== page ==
An example of this is Harambee’s partnership with Qwili, a tech start-up that provides a digital platform for aspiring entrepreneurs to buy inventory at wholesale prices, which they can then on sell to earn a commission. Harambee and Qwili currently identified 31 young people from our network to provide training in entrepreneurial skills, including training on the on-selling opportunity and R500 in start-up capital to support sales and ongoing hustles. 85% of the participants are women, and early evaluation suggests that with targeted training on how to use digital on-selling platforms, young women can earn consistent and sustainable amounts from micro-enterprise.


Public employment programmes—while short term—provide a stable income and have gender equity baked into their very design.

As our previous analyses has suggested, there is little doubt that public employment programmes—particularly in times of economic crisis and recovery—can serve as an economic lifeline for our most excluded young women and men.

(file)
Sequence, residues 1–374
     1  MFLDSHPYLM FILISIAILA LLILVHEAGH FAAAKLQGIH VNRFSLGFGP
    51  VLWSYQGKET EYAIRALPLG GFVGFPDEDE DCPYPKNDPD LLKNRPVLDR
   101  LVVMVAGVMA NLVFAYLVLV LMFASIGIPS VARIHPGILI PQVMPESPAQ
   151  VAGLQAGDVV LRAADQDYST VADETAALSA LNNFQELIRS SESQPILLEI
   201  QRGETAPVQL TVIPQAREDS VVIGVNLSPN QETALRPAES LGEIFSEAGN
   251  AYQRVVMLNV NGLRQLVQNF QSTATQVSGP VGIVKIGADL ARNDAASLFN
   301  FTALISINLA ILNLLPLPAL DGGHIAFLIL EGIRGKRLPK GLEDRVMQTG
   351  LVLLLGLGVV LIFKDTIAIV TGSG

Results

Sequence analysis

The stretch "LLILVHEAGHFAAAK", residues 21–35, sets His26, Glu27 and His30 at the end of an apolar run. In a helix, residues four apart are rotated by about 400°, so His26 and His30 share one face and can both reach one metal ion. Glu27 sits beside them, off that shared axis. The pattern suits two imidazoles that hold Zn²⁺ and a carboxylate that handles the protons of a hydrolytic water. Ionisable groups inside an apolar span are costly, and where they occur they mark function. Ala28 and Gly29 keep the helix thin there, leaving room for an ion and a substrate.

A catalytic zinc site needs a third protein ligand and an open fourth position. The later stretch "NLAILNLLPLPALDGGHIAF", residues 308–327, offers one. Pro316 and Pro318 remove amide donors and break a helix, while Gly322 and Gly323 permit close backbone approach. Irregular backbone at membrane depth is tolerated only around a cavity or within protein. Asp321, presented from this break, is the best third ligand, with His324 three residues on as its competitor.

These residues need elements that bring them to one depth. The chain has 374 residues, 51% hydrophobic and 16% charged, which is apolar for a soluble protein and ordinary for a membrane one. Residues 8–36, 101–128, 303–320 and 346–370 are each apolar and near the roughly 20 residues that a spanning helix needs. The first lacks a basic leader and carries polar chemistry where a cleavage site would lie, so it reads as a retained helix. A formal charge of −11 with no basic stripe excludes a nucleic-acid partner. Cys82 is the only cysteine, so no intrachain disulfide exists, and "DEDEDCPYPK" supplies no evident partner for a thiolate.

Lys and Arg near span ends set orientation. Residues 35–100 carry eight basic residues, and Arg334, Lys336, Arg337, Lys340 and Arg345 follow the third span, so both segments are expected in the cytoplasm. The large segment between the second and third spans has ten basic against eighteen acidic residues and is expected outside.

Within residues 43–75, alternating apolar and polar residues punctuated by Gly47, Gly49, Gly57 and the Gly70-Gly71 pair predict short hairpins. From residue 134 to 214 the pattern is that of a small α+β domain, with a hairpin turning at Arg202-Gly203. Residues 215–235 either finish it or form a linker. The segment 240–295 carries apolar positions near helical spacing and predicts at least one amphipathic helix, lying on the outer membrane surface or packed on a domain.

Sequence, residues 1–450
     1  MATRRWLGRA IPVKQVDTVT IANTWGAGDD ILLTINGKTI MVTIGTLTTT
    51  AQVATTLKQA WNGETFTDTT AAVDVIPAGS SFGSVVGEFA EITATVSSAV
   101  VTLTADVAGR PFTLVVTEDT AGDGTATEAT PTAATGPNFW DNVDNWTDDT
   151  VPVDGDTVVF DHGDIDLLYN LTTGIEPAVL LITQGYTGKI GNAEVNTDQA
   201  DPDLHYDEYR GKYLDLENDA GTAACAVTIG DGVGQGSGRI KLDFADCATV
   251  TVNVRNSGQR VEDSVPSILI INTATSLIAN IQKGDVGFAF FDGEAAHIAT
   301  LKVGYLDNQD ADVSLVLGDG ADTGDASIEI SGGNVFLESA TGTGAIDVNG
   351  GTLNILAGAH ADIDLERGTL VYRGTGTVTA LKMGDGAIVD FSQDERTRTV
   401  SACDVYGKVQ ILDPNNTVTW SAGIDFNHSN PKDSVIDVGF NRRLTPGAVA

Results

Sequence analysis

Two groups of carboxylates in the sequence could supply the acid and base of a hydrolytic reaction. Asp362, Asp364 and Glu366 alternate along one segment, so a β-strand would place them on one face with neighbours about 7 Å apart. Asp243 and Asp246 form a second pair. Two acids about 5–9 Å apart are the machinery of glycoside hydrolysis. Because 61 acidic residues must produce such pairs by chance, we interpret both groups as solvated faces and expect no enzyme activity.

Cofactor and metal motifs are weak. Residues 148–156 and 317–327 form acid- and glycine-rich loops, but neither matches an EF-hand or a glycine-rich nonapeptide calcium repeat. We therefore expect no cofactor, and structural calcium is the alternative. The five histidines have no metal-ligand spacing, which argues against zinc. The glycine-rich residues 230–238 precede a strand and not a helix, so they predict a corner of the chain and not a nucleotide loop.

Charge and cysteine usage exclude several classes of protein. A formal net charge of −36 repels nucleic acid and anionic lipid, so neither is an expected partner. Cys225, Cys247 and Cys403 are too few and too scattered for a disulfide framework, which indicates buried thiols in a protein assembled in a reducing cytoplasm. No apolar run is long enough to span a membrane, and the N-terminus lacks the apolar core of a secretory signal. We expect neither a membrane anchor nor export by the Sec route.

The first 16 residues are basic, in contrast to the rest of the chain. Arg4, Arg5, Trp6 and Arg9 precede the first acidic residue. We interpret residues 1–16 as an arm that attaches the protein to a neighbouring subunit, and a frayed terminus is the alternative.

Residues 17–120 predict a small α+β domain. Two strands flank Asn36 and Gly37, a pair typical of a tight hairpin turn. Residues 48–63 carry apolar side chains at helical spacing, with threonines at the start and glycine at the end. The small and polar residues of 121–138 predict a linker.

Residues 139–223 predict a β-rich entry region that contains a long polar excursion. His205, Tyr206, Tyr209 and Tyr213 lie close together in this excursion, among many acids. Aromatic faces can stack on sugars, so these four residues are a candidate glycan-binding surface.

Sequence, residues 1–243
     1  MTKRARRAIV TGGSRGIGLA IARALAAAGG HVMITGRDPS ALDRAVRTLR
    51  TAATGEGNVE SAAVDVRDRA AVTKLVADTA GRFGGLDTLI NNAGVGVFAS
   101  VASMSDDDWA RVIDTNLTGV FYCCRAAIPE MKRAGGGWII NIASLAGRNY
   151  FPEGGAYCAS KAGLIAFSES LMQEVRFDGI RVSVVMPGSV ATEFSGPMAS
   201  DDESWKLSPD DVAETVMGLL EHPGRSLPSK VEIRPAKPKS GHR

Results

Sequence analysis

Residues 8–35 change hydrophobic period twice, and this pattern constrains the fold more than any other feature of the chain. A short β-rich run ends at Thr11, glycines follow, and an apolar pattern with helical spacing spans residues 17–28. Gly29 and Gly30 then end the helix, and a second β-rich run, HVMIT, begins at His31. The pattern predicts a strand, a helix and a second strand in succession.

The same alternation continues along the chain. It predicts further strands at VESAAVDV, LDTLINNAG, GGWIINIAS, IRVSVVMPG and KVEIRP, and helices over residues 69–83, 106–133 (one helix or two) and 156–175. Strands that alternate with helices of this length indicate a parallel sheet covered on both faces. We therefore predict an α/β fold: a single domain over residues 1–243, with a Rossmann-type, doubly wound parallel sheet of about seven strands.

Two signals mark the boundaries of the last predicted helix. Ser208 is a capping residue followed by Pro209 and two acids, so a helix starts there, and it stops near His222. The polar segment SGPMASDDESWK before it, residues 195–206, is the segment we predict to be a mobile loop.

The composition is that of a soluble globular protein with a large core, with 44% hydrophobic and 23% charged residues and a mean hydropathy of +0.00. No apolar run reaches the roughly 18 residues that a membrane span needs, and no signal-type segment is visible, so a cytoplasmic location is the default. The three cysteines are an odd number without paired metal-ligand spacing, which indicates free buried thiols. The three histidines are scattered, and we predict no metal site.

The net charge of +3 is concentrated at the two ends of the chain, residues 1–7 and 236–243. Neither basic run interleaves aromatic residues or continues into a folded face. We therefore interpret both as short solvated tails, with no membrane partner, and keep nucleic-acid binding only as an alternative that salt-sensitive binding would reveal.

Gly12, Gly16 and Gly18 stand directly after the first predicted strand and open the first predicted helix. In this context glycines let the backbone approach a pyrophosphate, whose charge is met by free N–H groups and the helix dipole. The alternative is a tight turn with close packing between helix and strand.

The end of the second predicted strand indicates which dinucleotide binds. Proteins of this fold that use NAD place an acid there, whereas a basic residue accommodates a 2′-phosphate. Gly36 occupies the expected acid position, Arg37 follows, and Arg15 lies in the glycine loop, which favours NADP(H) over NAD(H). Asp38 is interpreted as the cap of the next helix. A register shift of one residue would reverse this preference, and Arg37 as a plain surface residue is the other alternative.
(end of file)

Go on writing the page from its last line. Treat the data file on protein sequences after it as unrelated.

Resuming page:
Harambee’s analysis of incomes within public employment programmes—comprising over 60% of SA Youth’s 860 000 pathways—suggests that this short-term income is consistent and equitable by design, as these programmes are paid equally per definition. Incomes within public employment programmes vary with days worked per month, with a mean of R2,650 and a median of R1,550 per month. The Presidential Stimulus Programme created over 600,000 better-paying opportunities, with an average stipend of R3,750, disproportionately impacting young people (85%) and women (63%). 

Public employment programmes specifically help young women like Noxolo Gumede. Growing up in Newcastle, Noxolo was always passionate about fixing things and after matric, was funded by NSFAS to study as a boilermaker. However, she found it hard to get an apprenticeship to allow her to do her trade test and complete her diploma, leaving her severely discouraged. After hearing about SA Youth on Facebook, she registered, applied for and landed an Educational Assistant position at a school in her area. This opportunity has enabled Noxolo to gain financial independence and invaluable work experience, and, she says, given her hope.